Let's soak the rich, GOP-style

SpeakerBoehner/flickr

Paul Ryan

President Obama is campaigning for reelection by casting Republicans as the party of the rich because they oppose his plan to raise tax rates on wealthy Americans. "If you've done well," Obama declared in Cincinnati last week, "then you should do a little something to give something back."

One person who agrees with that sentiment is Rep. Paul Ryan, the Republican chairman of the House Budget Committee--though not in the way Obama means it. Ryan wants the wealthy to give something back: the billions of dollars in government benefits, taxpayer subsidies and corporate welfare they receive each year and do not need. Instead of raising taxes, which would hurt growth and job creation, Ryan told me: "We want to stop subsidizing corporations. We want to stop subsidizing [wealthy] individuals. And you can get more money for savings to reduce the deficit without damaging the economy this way."

Call it "soak the rich" economics, GOP-style.

What government spending on the wealthy would Ryan target? "Everything," he says. He would start with entitlements. The two biggest and fastest-growing areas of federal spending are Social Security and Medicare, both of which provide the richest Americans with growing benefits. To help stabilize both programs, Ryan wants to scale back those benefits for the wealthy. On Social Security, he says, "you can get the bulk of your way to solvency without tax increases by indexing benefits so that they don't grow as fast for wealthier people." As for Medicare, his reform plan would provide wealthier seniors with lower subsidies, while "focusing the benefits on the people who need it and away from those who need it the least."

Ryan is not alone in his call for means-testing entitlements. Means-testing has the strong support of House Speaker John Boehner, who earlier this year told Wall Street billionaire Pete Peterson at a forum in New York, "Pete, I love you to death, but I don't think the taxpayers ought to be paying your Medicare premium." The two leading GOP presidential candidates, Rick Perry and Mitt Romney, have also expressed support for means-testing. In May the Heritage Foundation put forward a plan that would reduce Social Security and Medicare benefits for well-off retirees and eliminate them entirely for the wealthiest seniors.

Some Republicans would apply means-testing to other government programs, such as unemployment benefits. Sen. Tom Coburn says that some 2,804households that reported incomes of $1 million or more on their tax returns were paid a total of $18.6 million in unemployment benefits in 2008--including more than 800 individuals earning between $2 million and $10 million. "Why should someone struggling to make ends meet . . . pay into a system that provides benefits to someone not working, yet earning millions of dollars a year?" he asks.

Ryan would also institute means-testing for the D.C. Tuition Assistance Grant Program--a program that provides Washington residents with grants of up to $50,000 to make up the difference between in-state and out of-state college tuition. The program is currently available to individuals with annual family incomes of up to $1 million. Ryan would eliminate grants for the wealthy and use the savings to fund the D.C. Opportunity Scholarships for poor District children to attend private or parochial schools.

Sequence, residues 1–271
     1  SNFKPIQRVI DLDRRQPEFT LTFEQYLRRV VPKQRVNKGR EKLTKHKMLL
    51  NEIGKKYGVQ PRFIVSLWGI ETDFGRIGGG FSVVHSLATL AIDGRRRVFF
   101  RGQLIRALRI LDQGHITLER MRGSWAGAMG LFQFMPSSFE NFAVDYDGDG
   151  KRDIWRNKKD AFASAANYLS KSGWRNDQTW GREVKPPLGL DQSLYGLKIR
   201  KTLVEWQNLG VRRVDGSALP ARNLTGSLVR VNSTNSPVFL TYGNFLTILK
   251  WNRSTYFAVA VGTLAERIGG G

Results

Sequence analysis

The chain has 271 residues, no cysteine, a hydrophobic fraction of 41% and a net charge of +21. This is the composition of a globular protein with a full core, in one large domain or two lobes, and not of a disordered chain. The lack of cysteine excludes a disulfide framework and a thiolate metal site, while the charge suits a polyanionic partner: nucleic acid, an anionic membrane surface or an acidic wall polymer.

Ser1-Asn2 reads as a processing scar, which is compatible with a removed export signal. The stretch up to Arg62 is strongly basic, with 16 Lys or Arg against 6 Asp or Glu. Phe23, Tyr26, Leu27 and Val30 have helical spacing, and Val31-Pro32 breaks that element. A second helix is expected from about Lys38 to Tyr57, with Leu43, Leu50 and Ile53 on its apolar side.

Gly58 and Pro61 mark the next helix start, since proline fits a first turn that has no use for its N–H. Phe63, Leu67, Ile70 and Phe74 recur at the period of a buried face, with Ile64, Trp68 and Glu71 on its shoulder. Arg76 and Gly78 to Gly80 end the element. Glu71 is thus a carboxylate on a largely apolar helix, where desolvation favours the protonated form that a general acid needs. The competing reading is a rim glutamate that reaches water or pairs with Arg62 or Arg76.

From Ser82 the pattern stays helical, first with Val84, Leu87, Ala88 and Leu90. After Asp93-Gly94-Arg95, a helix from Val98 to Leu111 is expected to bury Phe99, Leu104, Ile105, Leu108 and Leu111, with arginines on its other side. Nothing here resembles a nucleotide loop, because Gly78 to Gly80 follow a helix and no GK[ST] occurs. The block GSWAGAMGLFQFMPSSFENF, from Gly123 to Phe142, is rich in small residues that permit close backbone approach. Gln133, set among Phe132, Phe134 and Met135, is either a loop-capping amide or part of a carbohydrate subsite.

Ryan would also means-test farm subsidies. He points out that, while the rest of the economy struggles, the American agricultural sector is booming. Yet the government continues to make agriculture support payments to farmers with joint-incomes as high as $2.5 million. Ryan sees no reason why the federal government should be making direct cash payments to multimillionaires. He would limit agricultural support to those making less than $250,000 and has proposed cutting $30 billion over the next decade in price supports and other agriculture subsidies.

In addition to cutting cash payments to wealthy individuals, Ryan wants to end what he calls "wasteful welfare for corporations such as Fannie Mae and Freddie Mac, big agribusinesses, well-connected energy companies, and others that have gotten a free ride from the taxpayer for too long." He points out that the president's stimulus spending bill allocated $80 billion specifically for politically favored renewable energy businesses, such as the now-bankrupt solar panel manufacturer Solyndra, which received $500 million in federal loan guarantees from the Obama administration. "I mean, Solyndra, that's half a billion dollars in one company," Ryan says. He would do away with such loan-guarantees and "stop subsidizing businesses with industrial policy and crony capitalism."

On the campaign trail, Obama talks constantly about Republican support for special tax breaks for "corporate jet owners, or oil and gas producers, or people who are making millions or billions of dollars," citing these as proof that Republicans want "to keep tax breaks for the wealthiest Americans." Not so, says Ryan. "We'd be willing to get rid of all that for a better tax code." The GOP's difference with Obama, Ryan says, is that the president "sees closing tax expenditures as just raising revenues," while Republicans want to "use that revenue to reduce tax rates so we can get faster economic growth and job creation."

With all the benefit cuts he has proposed for wealthy Americans, is Paul Ryan a "soak the rich Republican"? "No," he says with a smile, "I just don't spend money on them."

Marc A. Thiessen is a visiting fellow at AEI.

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